A Grand Funeral


On September 6, 1997, the world watched one of the biggest funerals of all time. Diana, Princess of Wales, was laid to rest, with over one million mourners lining the city streets and another 2.5 billion watching around the world on television.

The service began at 9:08 am London time, when the tenor bell sounded to signal the departure of the cortege from Kensington Palace. The coffin was carried from the palace on a gun carriage, along Hyde Park to St. James’ Palace, where Diana’s body had remained for five days before being taken to Kensington Palace. The Union Flag on top of the palace was lowered to half mast. The official ceremony was held at Westminster Abbey in London and finished at Diana’s final resting place in Althorp.

Two thousand people attended the ceremony in Westminster Abbey while the British television audience peaked at 32.78 million, the United Kingdom’s highest viewing figures ever. It was perhaps the most watched event in world history.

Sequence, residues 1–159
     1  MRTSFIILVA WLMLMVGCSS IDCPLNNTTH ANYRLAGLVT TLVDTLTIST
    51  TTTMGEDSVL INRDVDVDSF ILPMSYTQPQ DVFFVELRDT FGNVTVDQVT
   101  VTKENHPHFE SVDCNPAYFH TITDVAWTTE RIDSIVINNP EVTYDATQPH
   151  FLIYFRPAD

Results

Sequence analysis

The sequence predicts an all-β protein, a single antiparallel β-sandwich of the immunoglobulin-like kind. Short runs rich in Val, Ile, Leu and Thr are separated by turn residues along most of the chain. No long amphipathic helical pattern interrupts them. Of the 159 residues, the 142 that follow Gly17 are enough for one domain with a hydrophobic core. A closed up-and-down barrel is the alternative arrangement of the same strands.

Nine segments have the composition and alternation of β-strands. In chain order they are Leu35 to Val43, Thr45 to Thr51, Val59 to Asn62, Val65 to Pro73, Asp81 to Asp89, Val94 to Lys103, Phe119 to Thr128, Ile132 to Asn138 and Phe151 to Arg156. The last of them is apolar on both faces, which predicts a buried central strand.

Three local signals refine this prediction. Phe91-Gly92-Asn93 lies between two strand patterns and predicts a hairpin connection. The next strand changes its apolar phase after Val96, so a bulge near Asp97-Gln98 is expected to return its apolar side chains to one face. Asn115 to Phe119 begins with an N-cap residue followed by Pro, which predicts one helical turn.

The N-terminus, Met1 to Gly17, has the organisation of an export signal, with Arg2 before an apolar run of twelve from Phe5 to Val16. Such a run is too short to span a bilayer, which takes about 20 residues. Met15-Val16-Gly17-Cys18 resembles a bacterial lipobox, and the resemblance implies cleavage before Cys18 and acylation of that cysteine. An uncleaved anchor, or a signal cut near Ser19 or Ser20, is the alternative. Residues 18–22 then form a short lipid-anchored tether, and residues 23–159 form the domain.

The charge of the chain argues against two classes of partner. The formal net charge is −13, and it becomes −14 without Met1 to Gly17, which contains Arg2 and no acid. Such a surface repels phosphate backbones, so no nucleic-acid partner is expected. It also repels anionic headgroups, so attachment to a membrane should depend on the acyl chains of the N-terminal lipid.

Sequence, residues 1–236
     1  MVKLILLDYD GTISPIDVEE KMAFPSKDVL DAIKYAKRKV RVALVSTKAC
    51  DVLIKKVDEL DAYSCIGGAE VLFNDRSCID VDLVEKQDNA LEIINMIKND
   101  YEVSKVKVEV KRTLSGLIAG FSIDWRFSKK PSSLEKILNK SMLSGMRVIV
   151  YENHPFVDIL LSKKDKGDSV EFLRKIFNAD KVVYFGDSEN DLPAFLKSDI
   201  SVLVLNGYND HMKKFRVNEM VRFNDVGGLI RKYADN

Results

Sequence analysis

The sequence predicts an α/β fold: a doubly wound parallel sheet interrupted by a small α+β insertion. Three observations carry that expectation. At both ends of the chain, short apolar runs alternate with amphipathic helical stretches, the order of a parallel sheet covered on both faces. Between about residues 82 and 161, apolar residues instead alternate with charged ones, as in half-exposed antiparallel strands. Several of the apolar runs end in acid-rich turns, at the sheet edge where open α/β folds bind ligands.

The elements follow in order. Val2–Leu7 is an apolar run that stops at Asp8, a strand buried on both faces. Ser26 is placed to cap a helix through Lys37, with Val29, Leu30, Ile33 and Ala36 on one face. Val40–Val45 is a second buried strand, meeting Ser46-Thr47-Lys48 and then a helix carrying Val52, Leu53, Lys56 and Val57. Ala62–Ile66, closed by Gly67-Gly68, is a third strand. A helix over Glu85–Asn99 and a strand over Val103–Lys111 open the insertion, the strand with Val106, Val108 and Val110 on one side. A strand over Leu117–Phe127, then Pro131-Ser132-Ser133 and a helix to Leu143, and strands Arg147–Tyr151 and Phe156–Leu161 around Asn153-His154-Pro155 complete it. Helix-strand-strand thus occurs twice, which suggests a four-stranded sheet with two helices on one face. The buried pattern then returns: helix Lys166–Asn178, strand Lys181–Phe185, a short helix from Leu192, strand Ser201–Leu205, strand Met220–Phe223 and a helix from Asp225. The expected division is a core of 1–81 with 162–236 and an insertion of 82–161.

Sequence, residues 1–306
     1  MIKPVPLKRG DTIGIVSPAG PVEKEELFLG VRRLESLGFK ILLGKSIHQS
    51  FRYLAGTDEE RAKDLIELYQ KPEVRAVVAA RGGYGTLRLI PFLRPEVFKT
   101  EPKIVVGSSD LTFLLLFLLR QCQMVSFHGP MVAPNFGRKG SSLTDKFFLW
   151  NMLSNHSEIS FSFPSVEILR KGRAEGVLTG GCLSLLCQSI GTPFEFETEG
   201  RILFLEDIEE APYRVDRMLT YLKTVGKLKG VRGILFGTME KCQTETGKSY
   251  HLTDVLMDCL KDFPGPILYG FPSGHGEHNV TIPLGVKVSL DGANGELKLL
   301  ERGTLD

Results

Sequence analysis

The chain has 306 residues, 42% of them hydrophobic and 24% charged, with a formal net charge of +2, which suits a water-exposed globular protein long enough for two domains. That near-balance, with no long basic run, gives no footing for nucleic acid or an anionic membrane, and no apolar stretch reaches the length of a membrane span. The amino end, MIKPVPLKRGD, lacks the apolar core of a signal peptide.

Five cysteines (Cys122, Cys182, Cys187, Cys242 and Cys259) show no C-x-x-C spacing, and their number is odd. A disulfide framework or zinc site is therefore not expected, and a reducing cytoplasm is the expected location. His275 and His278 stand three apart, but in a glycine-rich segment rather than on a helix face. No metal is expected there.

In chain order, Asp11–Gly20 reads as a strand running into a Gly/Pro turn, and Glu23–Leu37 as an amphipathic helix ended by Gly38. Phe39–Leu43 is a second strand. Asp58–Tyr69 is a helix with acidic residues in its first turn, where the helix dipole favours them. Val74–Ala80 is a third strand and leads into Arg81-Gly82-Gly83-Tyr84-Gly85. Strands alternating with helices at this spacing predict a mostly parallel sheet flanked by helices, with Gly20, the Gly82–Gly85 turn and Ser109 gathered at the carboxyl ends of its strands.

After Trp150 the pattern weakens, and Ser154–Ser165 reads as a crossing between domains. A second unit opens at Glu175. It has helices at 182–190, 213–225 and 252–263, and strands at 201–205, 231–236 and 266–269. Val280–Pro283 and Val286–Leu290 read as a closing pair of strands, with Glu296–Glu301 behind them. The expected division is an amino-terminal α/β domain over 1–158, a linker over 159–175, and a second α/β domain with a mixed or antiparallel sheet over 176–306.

The event was not a state funeral, but a royal ceremonial funeral including royal pageantry and Anglican liturgy. A large display of flowers was installed at the gates of Kensington Palace. Eight members of the Welsh Guards accompanied Diana’s coffin, draped in the royal standard with an ermine border, on the one hour, 47-minute ride through London streets. On top of the coffin were three wreaths of white flowers from her brother, the Earl Spencer, her sons, Prince William and Prince Harry. At St. James’ Palace, the Duke of Edinburgh, the Prince of Wales, her sons, and her brother joined to walk from behind. Five hundred representatives of various charities the Princess had been involved with joined behind them in the funeral cortege.

The coffin passed Buckingham Palace where members of the Royal Family were waiting outside. Queen Elizabeth II bowed her head as it went by, as flowers rained down onto the cortege from bystanders.

A grand funeral it was. And why not? For Princess Diana, this was the sad culmination of a life taken too soon. It serves as a reminder – 20 years later – that even for royalty, it is appointed to man once to die. And like Diana, we may not see that day coming. So what do we do? It’s called preparation. May we remember Diana’s death by preparing for our own.


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